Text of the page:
They rode at a leisurely pace, ensuring the horses weren’t overworked. Without a word, they stopped at the first well. The sun was at its highest, burning into the sands. A man unaccustomed to the heat and emptiness would have already succumbed. The desert was as unforgiving as the night. Nowhere was it safe.
Towards dusk, Kane spoke the first words of the day. “There’s a storm brewing.”
The assassin craned his neck to check the skies. He too knew the ways of the sand. “We should find shelter.”
“There’s a small rock formation about a league ahead. I think we can make it,” Kane said. Dark clouds were brewing on the far horizon. They rode a little faster, anxious to miss the desert storm.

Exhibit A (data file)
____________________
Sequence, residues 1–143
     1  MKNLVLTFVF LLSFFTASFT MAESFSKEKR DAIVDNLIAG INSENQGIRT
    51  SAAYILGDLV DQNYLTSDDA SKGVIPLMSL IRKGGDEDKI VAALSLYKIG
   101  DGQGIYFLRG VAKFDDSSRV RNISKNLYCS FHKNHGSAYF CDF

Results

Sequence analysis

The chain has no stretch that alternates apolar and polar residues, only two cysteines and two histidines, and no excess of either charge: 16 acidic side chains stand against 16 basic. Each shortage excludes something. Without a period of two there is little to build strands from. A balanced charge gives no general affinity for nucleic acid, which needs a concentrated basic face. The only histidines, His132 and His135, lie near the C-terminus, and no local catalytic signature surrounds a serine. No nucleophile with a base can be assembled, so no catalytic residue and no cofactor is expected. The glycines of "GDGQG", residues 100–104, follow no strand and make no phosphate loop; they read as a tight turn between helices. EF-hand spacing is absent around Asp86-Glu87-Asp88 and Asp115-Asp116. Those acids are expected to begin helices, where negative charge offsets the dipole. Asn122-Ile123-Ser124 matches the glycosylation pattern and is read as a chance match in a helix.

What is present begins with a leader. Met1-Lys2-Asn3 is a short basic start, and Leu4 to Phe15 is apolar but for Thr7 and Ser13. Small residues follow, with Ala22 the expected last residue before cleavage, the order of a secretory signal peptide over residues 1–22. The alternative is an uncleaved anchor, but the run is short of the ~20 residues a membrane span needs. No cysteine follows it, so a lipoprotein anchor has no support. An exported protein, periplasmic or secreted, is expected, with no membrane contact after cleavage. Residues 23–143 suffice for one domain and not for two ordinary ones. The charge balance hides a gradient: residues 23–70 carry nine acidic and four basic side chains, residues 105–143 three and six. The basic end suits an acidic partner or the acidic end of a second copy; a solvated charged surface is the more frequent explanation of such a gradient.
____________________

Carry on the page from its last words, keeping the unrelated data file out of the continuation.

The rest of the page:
It was a long and cold night. The storm hit much sooner than they’d anticipated. Kane and the Viper lay huddled in the cold without even a meager fire to keep them warm in a small cave they’d found just after dusk. They sat in silence for the most part; neither had anything to say to the other. There was something unusual about the way the Viper was carrying himself, making Kane’s nerves stand on end.
“Rough night, eh?” the Viper called above the howling winds.
Kane nodded. “Rough enough, but I’ve seen worse. Pretty sure we both have.”